Should I buy the Nikon D700 or the D7000?

May 2, 2011 at 2:15 pm  •  Posted in Q&A by

I’m ready to replace my Nikon D200 and I’m trying to decide whether to buy the D700 or the D7000. It has a full-frame sensor and that’s supposed to be a real advantage. Do you agree? And if so, why aren’t Nikon and other companies making more digital SLRs with a full-frame sensor?
—Rick W.

Well Rick, there are several reasons why DSLRs with the huge 24 x 36 mm sensor—vs. the more typical 15.8 x 23.6 mm sensor—are not more common. First they are much more expensive to manufacture because of the cost of the large sensor and the much larger shutter, reflex mirror, pentaprism, etc. Most shooters prefer to pay less and get a smaller camera. As well, a full-frame DSLR must be used with the larger/heavier/more expensive multi-platform (or FX) lenses. And by now, most photo enthusiasts already own several of the smaller (or DX) lenses.

While these photos may not be exactly to the same scale, the D700 employs a very large DX-format sensor (with oversized pixels) while the D7000 uses a more typical, and smaller, DX-format chip. In order to accommodate the FX sensor module the camera also requires other components of a larger size, increasing the cost as well as the dimensions/weight. Photos Courtesy of Nikon Canada

If those are not drawbacks for you, then the full-frame Nikon D700 ($2500) would be ideal if you often shoot at ISO 1600 and above. While the D700 provides lower resolution (12 vs. 16 megapixels) than the D7000 image quality is superior at high ISO due to the greater light gathering ability of its oversized pixels. This rugged, weather-resistant magnesium alloy camera is packed with capabilities including built-in flash and Live View but no Movie mode. It features a large viewfinder with 95% scene coverage and a fast 5 fps burst mode; for blazing 8 fps speed, simply add the optional battery grip.

A camera like the D700, with oversized pixels, can capture more light particles in less time. That provides "cleaner" images particularly at high ISO, with less graininess or colourful speckles that would require more aggressive noise reduction that can obscure intricate detail. As a bonus, larger pixels also provide a wider dynamic range: more detail in both the bright and the dark areas of a photo. (ISO 25,600) © 2010 Peter K. Burian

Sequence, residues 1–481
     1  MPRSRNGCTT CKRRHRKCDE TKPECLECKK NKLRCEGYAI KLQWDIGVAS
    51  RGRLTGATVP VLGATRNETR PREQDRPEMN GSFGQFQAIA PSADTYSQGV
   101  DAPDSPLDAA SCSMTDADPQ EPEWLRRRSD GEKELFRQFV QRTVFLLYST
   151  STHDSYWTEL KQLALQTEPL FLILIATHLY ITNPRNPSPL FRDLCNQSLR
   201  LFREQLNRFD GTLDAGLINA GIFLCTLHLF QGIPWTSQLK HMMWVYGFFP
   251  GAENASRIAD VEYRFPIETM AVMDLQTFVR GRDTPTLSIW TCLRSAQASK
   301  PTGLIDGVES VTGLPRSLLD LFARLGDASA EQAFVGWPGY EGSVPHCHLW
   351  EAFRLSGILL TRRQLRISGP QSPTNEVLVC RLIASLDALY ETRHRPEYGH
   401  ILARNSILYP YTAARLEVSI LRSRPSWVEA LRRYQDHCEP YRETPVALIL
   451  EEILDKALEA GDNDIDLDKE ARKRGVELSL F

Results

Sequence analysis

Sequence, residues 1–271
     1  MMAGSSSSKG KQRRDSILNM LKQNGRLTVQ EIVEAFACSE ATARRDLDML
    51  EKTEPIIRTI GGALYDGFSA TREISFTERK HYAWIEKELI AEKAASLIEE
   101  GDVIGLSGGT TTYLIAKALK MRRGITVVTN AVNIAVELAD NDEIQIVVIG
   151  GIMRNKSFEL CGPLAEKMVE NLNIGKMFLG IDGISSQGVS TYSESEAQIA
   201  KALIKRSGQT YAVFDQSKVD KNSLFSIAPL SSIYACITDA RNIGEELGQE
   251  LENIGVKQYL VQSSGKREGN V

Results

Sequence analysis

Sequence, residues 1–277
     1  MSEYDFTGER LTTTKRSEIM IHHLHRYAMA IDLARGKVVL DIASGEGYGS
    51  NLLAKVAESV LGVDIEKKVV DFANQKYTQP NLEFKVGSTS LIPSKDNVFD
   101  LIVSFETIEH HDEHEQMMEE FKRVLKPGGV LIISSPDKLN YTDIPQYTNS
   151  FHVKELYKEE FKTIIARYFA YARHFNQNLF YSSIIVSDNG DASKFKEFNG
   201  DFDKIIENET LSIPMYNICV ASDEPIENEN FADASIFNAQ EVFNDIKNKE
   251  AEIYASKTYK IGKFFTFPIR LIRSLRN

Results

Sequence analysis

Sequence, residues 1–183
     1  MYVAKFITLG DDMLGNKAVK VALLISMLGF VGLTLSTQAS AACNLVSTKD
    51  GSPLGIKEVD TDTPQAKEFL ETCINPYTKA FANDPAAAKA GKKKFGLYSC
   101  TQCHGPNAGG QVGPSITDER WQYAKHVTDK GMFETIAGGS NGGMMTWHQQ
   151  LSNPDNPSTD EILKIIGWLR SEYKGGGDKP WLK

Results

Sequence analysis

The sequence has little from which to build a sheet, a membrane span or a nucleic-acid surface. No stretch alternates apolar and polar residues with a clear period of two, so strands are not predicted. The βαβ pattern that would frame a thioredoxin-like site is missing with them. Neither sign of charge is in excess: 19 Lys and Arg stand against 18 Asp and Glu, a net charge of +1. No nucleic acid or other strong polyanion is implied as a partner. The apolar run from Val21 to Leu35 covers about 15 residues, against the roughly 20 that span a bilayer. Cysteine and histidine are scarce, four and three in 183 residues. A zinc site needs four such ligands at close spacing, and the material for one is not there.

On the other hand the newer, smaller and less expensive ($1200) Nikon D7000—with the more typical DX sensor size—is a fabulous camera too, with even more features, including a full HD Movie mode, 100% viewfinder coverage, higher resolution LCD and 6 fps burst mode. (A faster framing rate is not provided by the optional battery grip.) It’s fully compatible with both the FX and DX series lenses. Since this is a more recent camera it includes some new technology that provides additional benefits. While I do own a full-frame DSLR, I can certainly understand why most photo enthusiasts are fully satisfied with the best cameras that employ the smaller sensors.

One Comment

  1. Dave Bates / May 5, 2011 at 5:45 pm /

    I recently upgraded from the Nikon D200 to the D700. I did so primarily for the build quality and sensor superiority, as well as all the facts Peter states in the article. I do not have DX format lenses as I was planning for a long time to eventually go full frame, so I built a non cropped sensor lens line up over time. If you have a significant number of DX format lenses, it doesn’t make sense for you to convert to FX format, due to the fact that you are shooting in cropped mode on your full frame sensor, but if you do not have DX lenses, the D700 is a far superior camera to the D7000 (excluding the video option of course).

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